Monday, 15 October 2012

Mahā Mṛtyunjaya Mantra: Grammatical Analysis

I have been asked very often what this mantra means. And though I've recited it for years, frankly I was never sure.  All I knew was it had something to do with Shiva saving me from death, and that was good enough! I've seen many interpretations on the net, a lot of which make sense in themselves, but don't really add up on the grammar. So here is my understanding grammatically. If you disagree, please do write in. This blog is meant to be a forum for discussion - not a shastri talking down to plebeians...

ॐ त्र्यम्बकं यजामहे
सुगन्धिं पुष्टि वर्धनं 
उर्वारुकमिव बन्धनान्मृत्योर्मुक्षीय 
मामृतात् ॐ

Om tryambakam yjaamahe sugaṇdhim puṣtivardhanam
urvārukamiva bandhanaan mrityor mukshīya māmritaat Om

Now the 'anvaya,' which just means making a prose sentence of the verse. Actually it's very helpful for precision. Because you cannot conveniently leave out what you wish, or changie meanings as it suits you. You'll be surprised how many 'experts' do that. The verse reads:

त्र्यम्बकम्  सुगन्धिम्  पुष्टि-वर्धनम् यजामहे
उर्वारुकम् इव बन्धनात् मुक्षीय 
मा अमृतात् 
त्र्यम्बकम् - ambaka comes to be understood as 'eye' in later times - three eyed. In early Vedic texts it retains the meaning of 'mother' so, one who has three mothers - and applies to Agni; the mothers being sky, the middle space and the earth (hence he is the Sun, lightning and fire). Agni and Rudra are often considered one - hence the transference of the name.
यजामहे - we worship, adore, honour (ĀP, 1st person, plural, active, present - 'we' yaj)
सुगन्धिम् - fragrant (accusative case), adj. for Shiva
पुष्टि-वर्धनम् - giver of the state of nourishment - (acc. case) adj. for Shiva
उर्वारुकम् - musk-melon (neuter, nominative, singular)
इव - like (a)
बन्धनात् - from bondage (ablative case, singular, of bandhana [neut])
मृत्योः - from death (ablative case of मृत्यु masc, sing.)
मुक्षीय - (I) ought to be released. (muc, 1st person, singular, benedictive)
मा - not
अमृतात् - from immortality, (ablative case of अमृत, sing.)

The translation then becomes: 

We worship [the] fragrant Shiva, increaser of nourishment;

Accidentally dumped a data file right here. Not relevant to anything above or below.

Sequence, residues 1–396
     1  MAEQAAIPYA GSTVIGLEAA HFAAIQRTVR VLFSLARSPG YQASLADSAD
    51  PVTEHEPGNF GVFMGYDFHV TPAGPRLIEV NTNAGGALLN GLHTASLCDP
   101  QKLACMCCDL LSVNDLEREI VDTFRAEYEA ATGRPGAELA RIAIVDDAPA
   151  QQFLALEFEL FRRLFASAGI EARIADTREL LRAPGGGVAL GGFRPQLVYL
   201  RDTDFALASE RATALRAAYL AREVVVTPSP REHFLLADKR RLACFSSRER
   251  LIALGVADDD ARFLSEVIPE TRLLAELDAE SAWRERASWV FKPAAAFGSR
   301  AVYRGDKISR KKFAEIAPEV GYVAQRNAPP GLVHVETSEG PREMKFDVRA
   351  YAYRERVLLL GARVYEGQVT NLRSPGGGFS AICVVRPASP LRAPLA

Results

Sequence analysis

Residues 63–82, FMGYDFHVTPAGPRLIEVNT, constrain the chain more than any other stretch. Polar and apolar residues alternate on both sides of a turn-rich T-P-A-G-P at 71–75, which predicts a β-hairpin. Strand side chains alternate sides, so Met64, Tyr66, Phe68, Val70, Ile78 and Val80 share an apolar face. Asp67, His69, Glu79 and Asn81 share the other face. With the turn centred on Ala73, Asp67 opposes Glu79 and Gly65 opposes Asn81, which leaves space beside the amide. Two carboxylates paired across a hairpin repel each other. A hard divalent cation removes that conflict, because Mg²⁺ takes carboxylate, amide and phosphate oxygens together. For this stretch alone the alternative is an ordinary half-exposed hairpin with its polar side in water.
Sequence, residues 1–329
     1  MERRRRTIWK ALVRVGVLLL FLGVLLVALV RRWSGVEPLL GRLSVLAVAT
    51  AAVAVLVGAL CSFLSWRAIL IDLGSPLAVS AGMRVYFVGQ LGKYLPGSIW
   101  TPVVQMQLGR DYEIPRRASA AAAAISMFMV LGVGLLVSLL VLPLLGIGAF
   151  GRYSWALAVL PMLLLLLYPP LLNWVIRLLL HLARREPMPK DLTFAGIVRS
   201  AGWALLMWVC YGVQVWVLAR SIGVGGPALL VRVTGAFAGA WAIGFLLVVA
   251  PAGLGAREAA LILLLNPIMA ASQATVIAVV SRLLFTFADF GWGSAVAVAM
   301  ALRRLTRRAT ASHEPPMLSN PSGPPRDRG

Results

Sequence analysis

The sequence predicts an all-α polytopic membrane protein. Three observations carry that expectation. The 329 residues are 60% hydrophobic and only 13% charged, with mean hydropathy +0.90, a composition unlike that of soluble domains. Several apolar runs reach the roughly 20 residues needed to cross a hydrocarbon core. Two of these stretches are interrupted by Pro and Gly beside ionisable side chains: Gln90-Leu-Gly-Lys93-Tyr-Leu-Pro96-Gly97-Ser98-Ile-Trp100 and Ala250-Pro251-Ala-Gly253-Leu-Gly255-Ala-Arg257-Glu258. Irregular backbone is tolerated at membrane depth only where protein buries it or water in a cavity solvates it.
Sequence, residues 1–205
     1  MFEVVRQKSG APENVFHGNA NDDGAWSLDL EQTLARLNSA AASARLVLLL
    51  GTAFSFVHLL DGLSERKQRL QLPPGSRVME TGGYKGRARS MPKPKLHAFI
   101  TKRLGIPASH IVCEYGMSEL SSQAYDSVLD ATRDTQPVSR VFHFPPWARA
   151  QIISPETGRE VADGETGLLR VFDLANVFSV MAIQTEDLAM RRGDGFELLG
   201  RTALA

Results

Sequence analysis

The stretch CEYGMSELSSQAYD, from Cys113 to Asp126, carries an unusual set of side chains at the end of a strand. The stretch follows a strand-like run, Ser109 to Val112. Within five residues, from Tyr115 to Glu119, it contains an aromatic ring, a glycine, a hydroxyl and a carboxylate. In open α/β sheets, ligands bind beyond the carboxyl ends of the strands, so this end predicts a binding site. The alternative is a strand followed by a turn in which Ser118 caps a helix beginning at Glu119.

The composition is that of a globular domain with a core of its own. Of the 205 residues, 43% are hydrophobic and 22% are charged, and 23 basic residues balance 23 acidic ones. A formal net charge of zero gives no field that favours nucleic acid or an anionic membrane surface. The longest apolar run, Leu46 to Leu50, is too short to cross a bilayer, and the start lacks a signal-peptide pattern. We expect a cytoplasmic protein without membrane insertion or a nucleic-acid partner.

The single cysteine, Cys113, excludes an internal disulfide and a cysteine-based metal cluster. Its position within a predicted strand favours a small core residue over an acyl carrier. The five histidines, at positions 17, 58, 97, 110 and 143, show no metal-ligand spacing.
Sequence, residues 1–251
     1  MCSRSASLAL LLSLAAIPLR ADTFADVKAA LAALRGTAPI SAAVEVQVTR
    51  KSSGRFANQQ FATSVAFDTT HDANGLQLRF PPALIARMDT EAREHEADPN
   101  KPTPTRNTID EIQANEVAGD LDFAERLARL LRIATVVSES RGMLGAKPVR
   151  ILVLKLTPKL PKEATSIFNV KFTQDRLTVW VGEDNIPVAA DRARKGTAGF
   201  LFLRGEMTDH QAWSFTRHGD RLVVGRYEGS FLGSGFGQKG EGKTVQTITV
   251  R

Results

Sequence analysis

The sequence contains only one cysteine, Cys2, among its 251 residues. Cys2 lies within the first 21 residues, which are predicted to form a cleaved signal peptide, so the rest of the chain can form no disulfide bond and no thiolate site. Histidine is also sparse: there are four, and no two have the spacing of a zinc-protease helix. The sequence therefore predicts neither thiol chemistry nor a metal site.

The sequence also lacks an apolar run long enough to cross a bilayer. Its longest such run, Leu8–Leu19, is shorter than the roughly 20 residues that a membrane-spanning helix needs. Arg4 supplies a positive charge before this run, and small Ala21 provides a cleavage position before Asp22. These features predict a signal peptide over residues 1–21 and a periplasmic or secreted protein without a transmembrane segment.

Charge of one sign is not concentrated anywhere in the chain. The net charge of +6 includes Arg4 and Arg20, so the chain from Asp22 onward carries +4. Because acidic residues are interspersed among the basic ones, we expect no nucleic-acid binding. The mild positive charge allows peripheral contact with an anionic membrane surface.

Like the musk melon [is] released from its bond, I should be released from death, not from immortality.

(Here of course we are assuming that the bondage/bhandhana of the fruit is to its plant/creeper/vine. And as it ripens, it falls on its own. Hence, once we have ripened, i.e. lived our lives, we should be separated from this existence. But these are meanings we assign. I have mine just like everyone else will their's.)


latha vidyaranya said...

we are praying Lord Ishwara that He should bless that our Antahkarana would soon be ripened so that we can drop away from the 'samsaara' without causing pain either to the world or to myself. before ripening if we try to pluck a cucumber, it would pain the creeper as well as the unripe-cucumber. hence the plea to save me from any kind of 'apa-mrityu'(death before one has lived the full life, ie, seen and understood the stark realities of life)and not to take the body away before the highest objective of human life is achieved, ie, the Moksha, the parama purushaartha.

srk said...

i have started learning sanskrit and I find your blogs very interesting and educative .i think you take all views which a student normally likes to know about the sanskrit grammmer
i fully agree with your method of interpretation thanks

can you give this type ot treatise for ramraksha and shanti mantra


Rohini Bakshi said...

Sorry for the delayed response. I will try my best. Thank you for your encouraging words :-)

Raghav said...

Excellent blog posts and thank you for the same. One point to note based on the explanation of Swami Dayananda Saraswati of Arsha Vidya.

The musk melon or urvArukam is not a fruit that drops off and on it's own, as every kitchen gardener would know. On the contrary, it has to be manually cut or snapped off the climber to which it is attached. It requires an intelligent and strong gardener with a knife or a pair of garden shears to accomplish this.

Even so, we need Ishvara or Lord Shiva's grace and intervention to snap the bonds that tie us to matter. It won't happen on it's own. Otherwise the Lord's role would have been superfluous. That's why the musk melon metaphor is used rather than a mango or coconut which drop off on their own.

Om namah shivaaya